— Carlos Fernandez, Executive Director of Grassroots Collaborative, on his experience at the 2022 Transformational Leadership Retreat

Powering Up to take on corporate greed

Corporations have seized more and more control over our lives in their efforts to line the pockets of CEOs and shareholders. They exploit our communities at every point, from the workplace to our homes and neighborhoods. They’ve taken over our economies and hijacked state policies and undermined our democracy to protect their interests.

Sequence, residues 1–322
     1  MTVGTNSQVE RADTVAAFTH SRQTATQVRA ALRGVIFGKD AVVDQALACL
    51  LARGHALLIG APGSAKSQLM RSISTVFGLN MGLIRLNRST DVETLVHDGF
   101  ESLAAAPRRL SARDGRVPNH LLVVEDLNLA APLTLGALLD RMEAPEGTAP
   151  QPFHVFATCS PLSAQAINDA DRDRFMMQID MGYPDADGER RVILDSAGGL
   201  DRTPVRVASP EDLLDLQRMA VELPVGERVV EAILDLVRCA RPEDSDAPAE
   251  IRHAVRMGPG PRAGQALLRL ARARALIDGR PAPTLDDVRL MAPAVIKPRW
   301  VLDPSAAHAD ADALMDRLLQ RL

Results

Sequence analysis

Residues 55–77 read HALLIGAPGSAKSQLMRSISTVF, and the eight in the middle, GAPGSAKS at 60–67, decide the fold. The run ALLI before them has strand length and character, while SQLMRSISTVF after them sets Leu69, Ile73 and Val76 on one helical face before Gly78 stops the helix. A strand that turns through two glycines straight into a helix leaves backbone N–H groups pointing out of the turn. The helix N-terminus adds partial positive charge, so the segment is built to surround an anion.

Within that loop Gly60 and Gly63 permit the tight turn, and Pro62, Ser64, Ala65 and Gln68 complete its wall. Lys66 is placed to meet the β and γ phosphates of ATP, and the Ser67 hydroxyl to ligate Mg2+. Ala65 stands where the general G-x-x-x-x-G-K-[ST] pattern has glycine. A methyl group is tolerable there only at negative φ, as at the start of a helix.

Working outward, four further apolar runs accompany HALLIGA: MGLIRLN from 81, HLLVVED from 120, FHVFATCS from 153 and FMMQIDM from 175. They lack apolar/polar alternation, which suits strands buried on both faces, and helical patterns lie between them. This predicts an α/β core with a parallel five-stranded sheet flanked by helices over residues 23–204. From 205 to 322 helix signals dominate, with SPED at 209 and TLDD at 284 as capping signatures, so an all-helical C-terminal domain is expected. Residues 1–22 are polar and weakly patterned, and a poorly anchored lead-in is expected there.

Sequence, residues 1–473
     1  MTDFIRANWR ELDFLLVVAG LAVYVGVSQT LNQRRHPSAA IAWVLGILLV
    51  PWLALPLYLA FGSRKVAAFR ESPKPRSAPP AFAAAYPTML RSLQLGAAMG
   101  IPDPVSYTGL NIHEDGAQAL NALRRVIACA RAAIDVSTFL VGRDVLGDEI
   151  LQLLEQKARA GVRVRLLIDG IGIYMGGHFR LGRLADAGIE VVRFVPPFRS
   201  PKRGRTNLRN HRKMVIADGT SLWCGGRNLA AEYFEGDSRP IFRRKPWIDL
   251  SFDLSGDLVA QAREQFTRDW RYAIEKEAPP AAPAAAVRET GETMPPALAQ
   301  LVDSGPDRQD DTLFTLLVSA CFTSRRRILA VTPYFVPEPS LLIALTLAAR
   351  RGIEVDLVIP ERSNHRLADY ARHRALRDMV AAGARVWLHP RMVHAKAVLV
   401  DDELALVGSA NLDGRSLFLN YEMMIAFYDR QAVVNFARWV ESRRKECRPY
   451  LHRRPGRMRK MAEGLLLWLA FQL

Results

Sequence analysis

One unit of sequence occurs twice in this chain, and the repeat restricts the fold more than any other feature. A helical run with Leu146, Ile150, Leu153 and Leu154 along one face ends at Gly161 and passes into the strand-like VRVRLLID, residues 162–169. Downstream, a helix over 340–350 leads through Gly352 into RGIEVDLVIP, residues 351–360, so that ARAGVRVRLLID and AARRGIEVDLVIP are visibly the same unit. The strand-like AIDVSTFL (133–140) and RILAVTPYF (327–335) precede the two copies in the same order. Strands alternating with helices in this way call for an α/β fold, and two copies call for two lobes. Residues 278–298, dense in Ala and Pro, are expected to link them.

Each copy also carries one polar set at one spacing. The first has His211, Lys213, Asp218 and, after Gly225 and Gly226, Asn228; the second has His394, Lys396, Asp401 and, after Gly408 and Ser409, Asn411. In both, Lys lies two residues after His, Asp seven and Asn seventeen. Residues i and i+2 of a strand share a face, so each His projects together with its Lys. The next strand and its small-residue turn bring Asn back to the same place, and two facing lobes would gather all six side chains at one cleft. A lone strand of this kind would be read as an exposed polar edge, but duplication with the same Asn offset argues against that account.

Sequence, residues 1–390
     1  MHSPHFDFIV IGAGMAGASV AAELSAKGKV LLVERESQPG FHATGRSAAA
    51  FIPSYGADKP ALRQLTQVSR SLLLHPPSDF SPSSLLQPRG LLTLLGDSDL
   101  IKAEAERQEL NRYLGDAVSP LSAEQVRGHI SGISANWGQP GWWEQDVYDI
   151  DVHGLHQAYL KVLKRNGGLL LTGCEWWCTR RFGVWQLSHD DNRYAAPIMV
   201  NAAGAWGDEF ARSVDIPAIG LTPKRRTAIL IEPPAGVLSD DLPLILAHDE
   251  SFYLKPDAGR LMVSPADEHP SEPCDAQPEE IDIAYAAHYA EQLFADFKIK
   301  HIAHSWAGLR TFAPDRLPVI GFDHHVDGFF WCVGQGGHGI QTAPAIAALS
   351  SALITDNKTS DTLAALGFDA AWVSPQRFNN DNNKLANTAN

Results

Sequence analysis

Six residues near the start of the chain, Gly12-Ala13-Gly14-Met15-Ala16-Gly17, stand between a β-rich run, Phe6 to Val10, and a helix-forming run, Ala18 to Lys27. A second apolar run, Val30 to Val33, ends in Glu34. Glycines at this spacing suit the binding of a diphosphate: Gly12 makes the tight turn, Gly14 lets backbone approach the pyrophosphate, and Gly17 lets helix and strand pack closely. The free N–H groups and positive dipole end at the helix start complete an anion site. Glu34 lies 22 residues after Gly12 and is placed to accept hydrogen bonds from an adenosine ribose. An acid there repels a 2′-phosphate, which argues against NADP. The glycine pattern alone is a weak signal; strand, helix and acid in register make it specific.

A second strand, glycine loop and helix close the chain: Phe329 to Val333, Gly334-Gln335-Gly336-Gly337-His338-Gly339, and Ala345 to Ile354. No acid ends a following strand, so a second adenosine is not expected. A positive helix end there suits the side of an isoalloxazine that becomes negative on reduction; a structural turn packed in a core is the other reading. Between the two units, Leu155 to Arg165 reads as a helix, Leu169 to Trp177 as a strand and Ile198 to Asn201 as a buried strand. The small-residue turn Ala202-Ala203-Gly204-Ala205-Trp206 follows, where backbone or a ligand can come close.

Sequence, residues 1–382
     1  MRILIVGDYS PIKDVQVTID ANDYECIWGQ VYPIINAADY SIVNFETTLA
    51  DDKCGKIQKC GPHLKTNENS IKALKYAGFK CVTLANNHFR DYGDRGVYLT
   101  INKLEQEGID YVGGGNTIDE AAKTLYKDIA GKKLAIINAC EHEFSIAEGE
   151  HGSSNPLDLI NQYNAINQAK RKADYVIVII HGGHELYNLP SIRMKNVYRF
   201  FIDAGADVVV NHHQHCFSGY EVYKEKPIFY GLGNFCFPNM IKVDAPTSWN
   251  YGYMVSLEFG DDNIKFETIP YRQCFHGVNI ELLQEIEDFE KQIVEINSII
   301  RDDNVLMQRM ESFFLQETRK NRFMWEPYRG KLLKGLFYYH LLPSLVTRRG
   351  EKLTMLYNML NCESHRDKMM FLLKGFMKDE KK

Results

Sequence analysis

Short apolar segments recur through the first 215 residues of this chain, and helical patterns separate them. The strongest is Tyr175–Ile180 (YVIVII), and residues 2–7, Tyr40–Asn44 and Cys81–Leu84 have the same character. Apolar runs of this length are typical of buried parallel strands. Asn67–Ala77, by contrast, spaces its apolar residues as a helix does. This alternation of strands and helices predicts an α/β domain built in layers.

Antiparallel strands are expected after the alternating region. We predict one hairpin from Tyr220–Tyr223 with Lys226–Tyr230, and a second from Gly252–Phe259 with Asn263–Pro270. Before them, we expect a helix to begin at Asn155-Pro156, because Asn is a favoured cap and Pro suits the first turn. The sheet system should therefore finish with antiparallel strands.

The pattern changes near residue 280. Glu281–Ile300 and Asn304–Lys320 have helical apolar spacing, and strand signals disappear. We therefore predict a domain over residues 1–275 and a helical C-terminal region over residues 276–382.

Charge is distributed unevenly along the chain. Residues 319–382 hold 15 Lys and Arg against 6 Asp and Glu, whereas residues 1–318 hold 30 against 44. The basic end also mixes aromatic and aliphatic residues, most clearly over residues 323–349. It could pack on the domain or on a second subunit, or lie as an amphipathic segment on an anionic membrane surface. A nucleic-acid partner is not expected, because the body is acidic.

From the beginning, our network has sought to shift governing power from corporations to communities, but for the first decade or so we mostly confronted corporate power indirectly, like through public policy fights and community benefits agreements. We realized as a network that the tactics of public policy fights and community benefit agreements were just not enough. We’re not here just to reduce harm, but to achieve a long-lasting transformation with everyday people at the center of our democratic systems. Public policy is an important way to shift power in our communities, but we can’t rely solely on government to rein in corporate greed in an environment where corporations can reshape government. And community benefits agreements open doors for communities to hold corporations accountable themselves, but this approach is just one of the ways in which we can confront corporations’ growing power. We also need a broader set of tools to call out the true villains and directly confront corporations to stop their extractive, racist, and exploitative practices.